And Then They Came for Junot Diaz
May 05, 2018, 09:12 AM
A+
|
a-
Print Friendly and PDF

Unlike American Indian author Sherman Alexie who got MeTooed awhile ago but comes across, at least on the page, like a decent guy, Dominican-American Person of Color writer superstar Junot Diaz comes across as a hate-filled jerk in his prose. But mostly he’s confined his hate writing toward the Current Year’s designated hate objects, white people, so he was feted until today.

But now the dam has broken and he is suddenly in big trouble for “misogyny:”

For example, now on Facebook:

Monica Byrne
19 hrs ·

I’ve been waiting for this one to come out for a long time.

Here’s my story about Junot Díaz. It’s corroborated by my journal entry the next morning; emails to family, friends, and colleagues shortly thereafter; and my date, who was sitting beside me:

I was 32. I was invited to a dinner after a talk Díaz had given about “the importance of love” at the NC Literary Festival, Friday, April 4th, 2014. … My debut novel was due to come out the next month, and I’d brought an advance copy to give Mr. Díaz as a gift, understanding him to be both a genre fiction fan and a feminist. I sat next to him. The table struck up a light conversation about the significance of statistics in publishing. I made a point emphasizing how personal narrative is important in empowering the marginalized. He said (and this is my memory, so I’m not including quotation marks), Well, I don’t know if you know how statistics work, but that’s like saying, Oh, I haven’t been RAPED, so RAPE must not exist.

His voice had risen to a shout. He literally shouted the word “rape” in my face. This is after knowing me for maybe ten minutes. His response was completely bizarre, disproportionate, and violent. I was speechless and felt sick. I would have, anyway, but this was also only two weeks after I’d been sexually assaulted in Belize.

The dinner just got worse from there. I’ve never experienced such virulent misogyny in my adult life. Every point I made—ABOUT issues women face in publishing—he made a point of talking over me, cutting me off, ignoring me to talk to the other famous (male) writer at the table, who happily participated in the erasure (congratulations, Peter Straub, you were also awful that night). What’s so ironic is that I remember trying to make a point about how a piece of mine had just been rejected by The New Yorker, and I’d never be able to tell whether it was bc of bias or not, given their dismal VIDA statistics. …

Díaz didn’t physically assault me. But shouting the word “rape” in my face is absolutely verbal sexual assault. Moreover, I was struck by the total disconnect between his public persona of a progressive literary idol and how he actually treated women.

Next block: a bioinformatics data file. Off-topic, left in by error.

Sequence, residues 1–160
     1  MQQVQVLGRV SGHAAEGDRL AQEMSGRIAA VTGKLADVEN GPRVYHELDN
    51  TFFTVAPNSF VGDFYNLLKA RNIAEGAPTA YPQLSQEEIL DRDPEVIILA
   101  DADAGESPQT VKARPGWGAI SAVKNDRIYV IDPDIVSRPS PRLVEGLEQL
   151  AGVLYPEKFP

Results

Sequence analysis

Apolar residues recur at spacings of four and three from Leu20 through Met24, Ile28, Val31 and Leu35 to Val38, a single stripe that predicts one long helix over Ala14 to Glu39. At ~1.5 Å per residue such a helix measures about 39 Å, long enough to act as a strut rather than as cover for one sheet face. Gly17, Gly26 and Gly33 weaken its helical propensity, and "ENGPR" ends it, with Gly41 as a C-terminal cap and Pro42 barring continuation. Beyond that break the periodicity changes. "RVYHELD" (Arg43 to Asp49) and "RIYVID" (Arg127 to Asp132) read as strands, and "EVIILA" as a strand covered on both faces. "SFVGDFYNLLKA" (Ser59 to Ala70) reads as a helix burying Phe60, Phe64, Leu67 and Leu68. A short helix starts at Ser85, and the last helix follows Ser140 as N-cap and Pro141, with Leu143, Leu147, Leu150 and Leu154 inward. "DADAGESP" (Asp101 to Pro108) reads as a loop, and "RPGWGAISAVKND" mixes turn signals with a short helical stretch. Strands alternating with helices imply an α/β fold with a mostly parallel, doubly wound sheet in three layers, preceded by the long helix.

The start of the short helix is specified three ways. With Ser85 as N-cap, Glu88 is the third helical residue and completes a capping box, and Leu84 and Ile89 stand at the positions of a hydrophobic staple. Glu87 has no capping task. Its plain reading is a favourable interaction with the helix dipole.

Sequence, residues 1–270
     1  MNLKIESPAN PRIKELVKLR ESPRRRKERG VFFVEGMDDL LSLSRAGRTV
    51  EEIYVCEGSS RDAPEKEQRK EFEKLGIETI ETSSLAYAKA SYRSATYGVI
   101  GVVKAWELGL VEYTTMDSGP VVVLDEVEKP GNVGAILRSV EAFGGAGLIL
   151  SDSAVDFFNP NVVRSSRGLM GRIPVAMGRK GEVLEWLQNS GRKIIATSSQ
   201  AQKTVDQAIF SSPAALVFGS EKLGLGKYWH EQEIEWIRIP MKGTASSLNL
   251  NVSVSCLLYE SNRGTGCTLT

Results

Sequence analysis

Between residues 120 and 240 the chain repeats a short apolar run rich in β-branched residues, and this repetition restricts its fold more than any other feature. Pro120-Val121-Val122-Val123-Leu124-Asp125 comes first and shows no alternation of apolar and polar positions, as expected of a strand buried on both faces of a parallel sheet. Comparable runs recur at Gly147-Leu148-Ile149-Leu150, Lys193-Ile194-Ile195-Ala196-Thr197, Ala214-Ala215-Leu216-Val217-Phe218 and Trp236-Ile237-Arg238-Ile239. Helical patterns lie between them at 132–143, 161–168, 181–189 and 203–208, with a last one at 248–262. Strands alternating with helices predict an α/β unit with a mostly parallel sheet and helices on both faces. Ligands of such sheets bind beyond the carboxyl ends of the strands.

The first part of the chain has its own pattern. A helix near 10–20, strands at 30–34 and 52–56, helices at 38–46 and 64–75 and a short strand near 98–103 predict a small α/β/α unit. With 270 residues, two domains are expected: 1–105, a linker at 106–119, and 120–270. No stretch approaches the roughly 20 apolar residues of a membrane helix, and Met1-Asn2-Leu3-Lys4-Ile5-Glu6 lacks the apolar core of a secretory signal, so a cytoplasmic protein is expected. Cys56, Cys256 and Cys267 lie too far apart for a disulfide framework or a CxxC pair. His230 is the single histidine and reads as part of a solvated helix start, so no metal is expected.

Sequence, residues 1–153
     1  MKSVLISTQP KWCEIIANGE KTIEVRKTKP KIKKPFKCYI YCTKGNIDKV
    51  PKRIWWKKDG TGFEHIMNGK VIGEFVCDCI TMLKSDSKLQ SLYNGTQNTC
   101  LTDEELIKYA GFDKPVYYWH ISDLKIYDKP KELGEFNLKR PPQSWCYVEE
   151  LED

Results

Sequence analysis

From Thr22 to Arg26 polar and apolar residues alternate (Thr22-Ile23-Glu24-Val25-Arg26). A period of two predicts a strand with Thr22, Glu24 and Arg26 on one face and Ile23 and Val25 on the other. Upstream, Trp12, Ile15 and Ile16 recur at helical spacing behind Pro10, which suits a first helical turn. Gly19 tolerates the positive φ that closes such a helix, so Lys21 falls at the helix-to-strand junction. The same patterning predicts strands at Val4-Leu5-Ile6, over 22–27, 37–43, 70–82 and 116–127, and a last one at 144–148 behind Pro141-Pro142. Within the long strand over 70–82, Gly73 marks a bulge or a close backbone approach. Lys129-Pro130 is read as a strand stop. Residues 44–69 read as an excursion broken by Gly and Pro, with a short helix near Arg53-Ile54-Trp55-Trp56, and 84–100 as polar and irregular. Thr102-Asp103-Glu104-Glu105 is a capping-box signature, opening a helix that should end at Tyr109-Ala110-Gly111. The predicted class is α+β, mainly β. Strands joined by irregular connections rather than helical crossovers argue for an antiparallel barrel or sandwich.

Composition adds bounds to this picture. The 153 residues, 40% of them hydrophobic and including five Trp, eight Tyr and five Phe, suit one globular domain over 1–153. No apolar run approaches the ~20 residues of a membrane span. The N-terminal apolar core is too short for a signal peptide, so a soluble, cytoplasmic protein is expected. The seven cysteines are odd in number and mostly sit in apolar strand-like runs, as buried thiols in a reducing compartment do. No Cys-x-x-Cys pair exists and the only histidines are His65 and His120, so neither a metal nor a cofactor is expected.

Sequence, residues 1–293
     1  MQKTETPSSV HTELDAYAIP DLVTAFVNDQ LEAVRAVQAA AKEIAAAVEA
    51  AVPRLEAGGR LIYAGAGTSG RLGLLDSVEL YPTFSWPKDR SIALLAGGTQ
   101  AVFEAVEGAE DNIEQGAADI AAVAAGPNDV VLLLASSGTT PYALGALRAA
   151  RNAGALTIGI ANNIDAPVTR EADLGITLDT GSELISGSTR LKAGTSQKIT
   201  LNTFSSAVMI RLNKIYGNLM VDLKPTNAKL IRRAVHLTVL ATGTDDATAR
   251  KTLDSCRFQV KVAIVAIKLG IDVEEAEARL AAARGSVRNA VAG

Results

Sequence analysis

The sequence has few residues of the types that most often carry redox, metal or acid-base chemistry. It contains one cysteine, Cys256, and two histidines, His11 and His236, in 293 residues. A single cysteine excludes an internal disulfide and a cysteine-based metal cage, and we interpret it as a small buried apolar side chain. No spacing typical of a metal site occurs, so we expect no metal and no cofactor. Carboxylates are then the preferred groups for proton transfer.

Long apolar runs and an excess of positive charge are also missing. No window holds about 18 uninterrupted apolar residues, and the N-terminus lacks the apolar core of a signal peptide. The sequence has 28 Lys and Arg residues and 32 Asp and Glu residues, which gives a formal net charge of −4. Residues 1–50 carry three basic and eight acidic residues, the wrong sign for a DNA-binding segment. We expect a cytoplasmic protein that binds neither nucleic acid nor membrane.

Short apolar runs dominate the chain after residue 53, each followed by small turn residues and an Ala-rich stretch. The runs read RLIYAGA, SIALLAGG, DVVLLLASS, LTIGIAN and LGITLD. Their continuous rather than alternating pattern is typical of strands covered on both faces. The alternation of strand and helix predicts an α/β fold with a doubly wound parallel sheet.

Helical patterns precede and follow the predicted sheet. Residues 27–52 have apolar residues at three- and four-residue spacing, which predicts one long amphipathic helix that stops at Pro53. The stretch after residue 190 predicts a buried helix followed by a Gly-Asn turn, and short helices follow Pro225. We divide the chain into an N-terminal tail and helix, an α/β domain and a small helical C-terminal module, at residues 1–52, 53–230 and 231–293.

See, women are the weaker sex, so it’s a career-ruining offense to disagree vociferously with one.

In contrast, whites are the enemy race, so it’s career-boosting to demonize them.

For example, here’s Diaz’s 2014 essay in The New Yorker:

APRIL 30, 2014

MFA VS. POC

POSTED BY JUNOT DIAZ

1
When I was in my mid-twenties I decided to apply for an MFA in creative writing. …

2
I didn’t have a great workshop experience. Not at all. In fact by the start of my second year I was like: get me the f*** out of here.

So what was the problem?

Oh just the standard problem of MFA programs.

That s*** was too white.

3
Some of you understand completely. And some of you ask: Too white … how?

… Too white as in the MFA had no faculty of color in the fiction program—like none—and neither the faculty nor the administration saw that lack of color as a big problem. (At least the students are diverse, they told us.) Too white as in my workshop reproduced exactly the dominant culture’s blind spots and assumptions around race and racism (and sexism and heteronormativity, etc). In my workshop there was an almost lunatical belief that race was no longer a major social force (it’s class!). In my workshop we never explored our racial identities or how they impacted our writing—at all. Never got any kind of instruction in that area—at all….

From what I saw the plurality of students and faculty had been educated exclusively in the tradition of writers like William Gaddis, Francine Prose, or Alice Munro—and not at all in the traditions of Toni Morrison, Cherrie Moraga, Maxine Hong-Kingston, Arundhati Roy, Edwidge Danticat, Alice Walker, or Jamaica Kincaid. In my workshop the default subject position of reading and writing—of Literature with a capital L—was white, straight and male. …

100% percent white, straight and male like Francine Prose or Alice Munro? Did Diaz even reread his first draft before publishing it in The New Yorker?

Also, notice that “Toni Morrison, Cherrie Moraga, Maxine Hong-Kingston, Arundhati Roy, Edwidge Danticat, Alice Walker, or Jamaica Kincaid” are all female. Perhaps Diaz is protecting his franchise as the male POC MFA writer from potential competitors?

Oh, yes: too white indeed. I could write pages on the unbearable too-whiteness of my workshop—I could write folio, octavo and duodecimo on its terrible whiteness—but you get the idea. …

“Unbearable too-whiteness?” Isn’t the joke (from Kundera’s Unbearable Lightness of Being) “unbearable wightness?”

[Comment at Unz.com]